Some designs make for good style. Some make for good engineering.
Around 1970, a rivalry was brewing between the famous design-houses of Pininfarina and Bertone. The coachbuilders were trying to outdo each other with flamboyant and beautiful automobiles.
In the 1970 Lancia Strato’s concept car, later named Stratos Zero, the windshield extended overhead giving what’s claimed to be a great view of the road in front and the sky above. As a glass designer and engineer, I like this. One of my six main design rules, ‘Rate of Change’ is slowed by the almost flat windshield. Bertone not only created something that please both engineering and styling, but he “Designed with Style”.
The futuristic instrument panel was offset to the left and displayed info in green acrylic glass. The Zero was just a design concept but it was a fully functioning prototype.
When an automaker commits to design a new vehicle, there are many factors that act upon the proposal that will influence the success of the project. In most mass produced offerings, domestic and foreign, the number one driver is program capitalization. The automaker asks, “What can we afford to spend or what can we afford to invest as a company and who are we trying to reach as a target audience”?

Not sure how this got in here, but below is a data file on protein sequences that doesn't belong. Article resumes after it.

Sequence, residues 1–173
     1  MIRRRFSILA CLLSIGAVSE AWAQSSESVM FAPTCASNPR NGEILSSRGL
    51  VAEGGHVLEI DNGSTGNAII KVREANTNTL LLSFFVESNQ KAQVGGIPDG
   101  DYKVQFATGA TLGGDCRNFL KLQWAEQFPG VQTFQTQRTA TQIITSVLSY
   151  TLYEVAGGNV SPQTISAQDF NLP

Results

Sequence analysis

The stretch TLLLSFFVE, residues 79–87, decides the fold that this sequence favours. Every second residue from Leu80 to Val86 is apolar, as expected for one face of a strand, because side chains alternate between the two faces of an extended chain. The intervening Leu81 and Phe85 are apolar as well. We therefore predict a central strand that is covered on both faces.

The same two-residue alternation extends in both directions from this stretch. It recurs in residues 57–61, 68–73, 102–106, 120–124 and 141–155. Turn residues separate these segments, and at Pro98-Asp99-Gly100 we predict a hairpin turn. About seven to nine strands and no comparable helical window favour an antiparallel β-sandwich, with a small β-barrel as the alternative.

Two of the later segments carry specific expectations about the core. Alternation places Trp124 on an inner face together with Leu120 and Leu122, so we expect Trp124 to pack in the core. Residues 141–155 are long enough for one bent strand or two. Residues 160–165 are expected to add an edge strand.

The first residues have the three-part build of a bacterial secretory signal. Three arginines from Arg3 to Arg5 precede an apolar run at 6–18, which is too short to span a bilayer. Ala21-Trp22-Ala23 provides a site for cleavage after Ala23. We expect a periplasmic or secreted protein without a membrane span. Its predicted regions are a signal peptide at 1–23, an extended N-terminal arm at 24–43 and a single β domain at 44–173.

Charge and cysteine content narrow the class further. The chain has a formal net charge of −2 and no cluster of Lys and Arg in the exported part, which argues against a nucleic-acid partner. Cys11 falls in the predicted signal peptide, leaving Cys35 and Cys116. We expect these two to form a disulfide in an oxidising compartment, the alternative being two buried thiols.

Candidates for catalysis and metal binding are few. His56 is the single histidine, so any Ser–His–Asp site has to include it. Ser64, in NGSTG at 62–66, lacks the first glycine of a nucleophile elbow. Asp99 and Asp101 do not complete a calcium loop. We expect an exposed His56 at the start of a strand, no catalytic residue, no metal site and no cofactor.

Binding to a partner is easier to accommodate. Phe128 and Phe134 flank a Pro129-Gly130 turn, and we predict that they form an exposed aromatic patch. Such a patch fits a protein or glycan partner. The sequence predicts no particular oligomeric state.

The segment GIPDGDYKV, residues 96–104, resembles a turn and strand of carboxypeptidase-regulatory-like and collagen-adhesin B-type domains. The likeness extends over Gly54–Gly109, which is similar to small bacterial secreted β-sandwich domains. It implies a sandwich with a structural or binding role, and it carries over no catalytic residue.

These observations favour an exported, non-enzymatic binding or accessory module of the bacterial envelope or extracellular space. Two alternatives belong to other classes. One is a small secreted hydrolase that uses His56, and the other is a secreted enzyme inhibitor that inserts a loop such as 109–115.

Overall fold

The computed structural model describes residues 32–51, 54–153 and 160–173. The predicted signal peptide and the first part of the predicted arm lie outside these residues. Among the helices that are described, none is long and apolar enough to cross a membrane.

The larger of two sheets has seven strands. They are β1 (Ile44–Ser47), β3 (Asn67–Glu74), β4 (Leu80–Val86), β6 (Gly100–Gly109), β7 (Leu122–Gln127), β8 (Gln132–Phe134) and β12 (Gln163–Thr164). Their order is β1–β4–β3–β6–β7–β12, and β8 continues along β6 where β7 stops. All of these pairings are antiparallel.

Through a series of contributions, I will cover the entire product portfolio of an automotive manufacturer, from those most affected by production volume, like the mass produced Toyota Corolla or Volkswagen Beetle to the least affected, the luxury sport segment, Maserati or Ferrari. There are sustainable engineering rules that govern good design of glass; however some of these rules can be “bent” depending on the vehicle. I will focus in particular on, glass. This is a component often overlooked, but critical in passing stringent tests, i.e. roof crush and mitigating occupant ejection due to poor assembly practices. It remains one of highest warrantied components in a manufacture’s assembled parts.